Hamilton County Sheriff Simon Leis said today there is a “very strong possibility” he will eliminate security at the courthouse and other secure buildings and shut down entire floors at the Queensgate jail in order to comply with budget cuts.
The county told its departments Tuesday they must cut their budgets by 6 percent.
The cuts, which total $6.9 million, are needed to prevent the cash-strapped government from falling into a fiscal emergency, budget officials have said.
“It’s a sad day,” said Leis. “In my 37 years in county government, I’ve never seen the county in such financial straits as this.”
Is this the right approach to budget cuts?
He also said layoffs are likely and patrol deputies will be told to park their cars for 30 minutes of each hour to save gas.
The county’s budget director, Christian Sigman, today is fielding calls about the e-mail he sent Tuesday telling departments they will have to cut 6 percent from their budgets through the end of the year. Half of the calls have been technical questions.
Of the other half, "25 percent have been calls saying ‘you know I’ll have to do this,’ and explaining what they'll have to do and 25 percent have said ‘I’ll see you in court.’”
But some departments question the legality of the mid-year order and say if they have to cut, it could result in less space to house inmates and fewer programs aimed at keeping the county safe.
"You're talking fundamental stuff and the ability of the court to provide fundamental services, be it (detention center) beds, programs that serve families and children or the ability to hear cases timely," said Mark Reed, Juvenile Court administrator.
"I don't know if they've thought about what this means in terms of public safety."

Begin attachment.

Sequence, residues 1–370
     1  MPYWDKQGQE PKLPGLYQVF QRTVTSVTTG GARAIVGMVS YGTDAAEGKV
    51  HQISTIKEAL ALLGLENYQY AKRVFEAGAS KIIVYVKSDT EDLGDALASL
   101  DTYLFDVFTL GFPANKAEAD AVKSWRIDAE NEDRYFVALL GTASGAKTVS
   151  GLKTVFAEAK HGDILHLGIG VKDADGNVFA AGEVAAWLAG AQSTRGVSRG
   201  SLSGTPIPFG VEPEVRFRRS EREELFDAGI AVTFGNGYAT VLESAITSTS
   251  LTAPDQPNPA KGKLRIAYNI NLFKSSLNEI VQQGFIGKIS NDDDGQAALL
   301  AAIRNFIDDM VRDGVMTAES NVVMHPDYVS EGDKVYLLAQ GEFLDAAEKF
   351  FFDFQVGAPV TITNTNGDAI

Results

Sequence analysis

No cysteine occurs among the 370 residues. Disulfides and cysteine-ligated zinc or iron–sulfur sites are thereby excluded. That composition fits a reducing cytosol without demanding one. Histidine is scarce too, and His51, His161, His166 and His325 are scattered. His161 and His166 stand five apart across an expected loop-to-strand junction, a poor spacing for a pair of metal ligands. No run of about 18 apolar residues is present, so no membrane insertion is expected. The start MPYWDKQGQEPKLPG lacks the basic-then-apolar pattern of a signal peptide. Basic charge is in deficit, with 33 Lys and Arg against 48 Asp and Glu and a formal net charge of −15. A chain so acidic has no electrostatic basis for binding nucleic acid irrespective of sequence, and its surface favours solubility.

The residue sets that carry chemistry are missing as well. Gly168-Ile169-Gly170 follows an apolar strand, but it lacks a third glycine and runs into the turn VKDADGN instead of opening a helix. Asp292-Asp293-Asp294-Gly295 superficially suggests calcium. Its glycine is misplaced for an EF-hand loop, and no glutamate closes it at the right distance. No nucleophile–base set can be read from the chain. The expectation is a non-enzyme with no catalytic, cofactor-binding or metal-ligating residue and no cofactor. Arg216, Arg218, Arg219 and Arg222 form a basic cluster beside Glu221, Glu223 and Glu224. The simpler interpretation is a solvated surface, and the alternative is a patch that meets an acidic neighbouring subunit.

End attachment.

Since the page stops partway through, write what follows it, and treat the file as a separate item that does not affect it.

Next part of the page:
His department is being asked to trim $903,668 - the second largest dollar amount. It already cut its budget 10 percent coming into 2008, partly by closing 40 beds in its detention center. The department that would lose the most money is the sheriff's office at $2.2 million.
The county is telling 32 departments to cut their budgets by 5.96 percent for a total of $6.9 million. The Board of Elections is exempt because it is required by law to spend money on certain election-related items.
Because of laws regarding the separation of powers in government, some departments, such as the courts, could file a legal challenge questioning the county's authority to mandate the cuts.
County commissioners say the county has no choice. Revenues are on track to be $12 million less than expected because of the sluggish economy.
Typically, counties can dip into their reserve fund - like a personal savings account - in hard economic times. But Hamilton County's reserve fund is dangerously low because of what some characterize as careless spending in previous years. With the cuts, the reserve fund will be $13 million - or 5 percent of the county's total budget - at the end of the year.
If the cuts aren't made, the county will soon be broke and may not be able to make payroll.
"Unless we make these changes now, we will be there at the end of the year, which is unacceptable," county Commissioner David Pepper said.
Commissioners are expected to pass resolutions July 16 to formally reduce the amount of money each department is getting through the end of the year. Each department will be in charge of figuring out how to comply.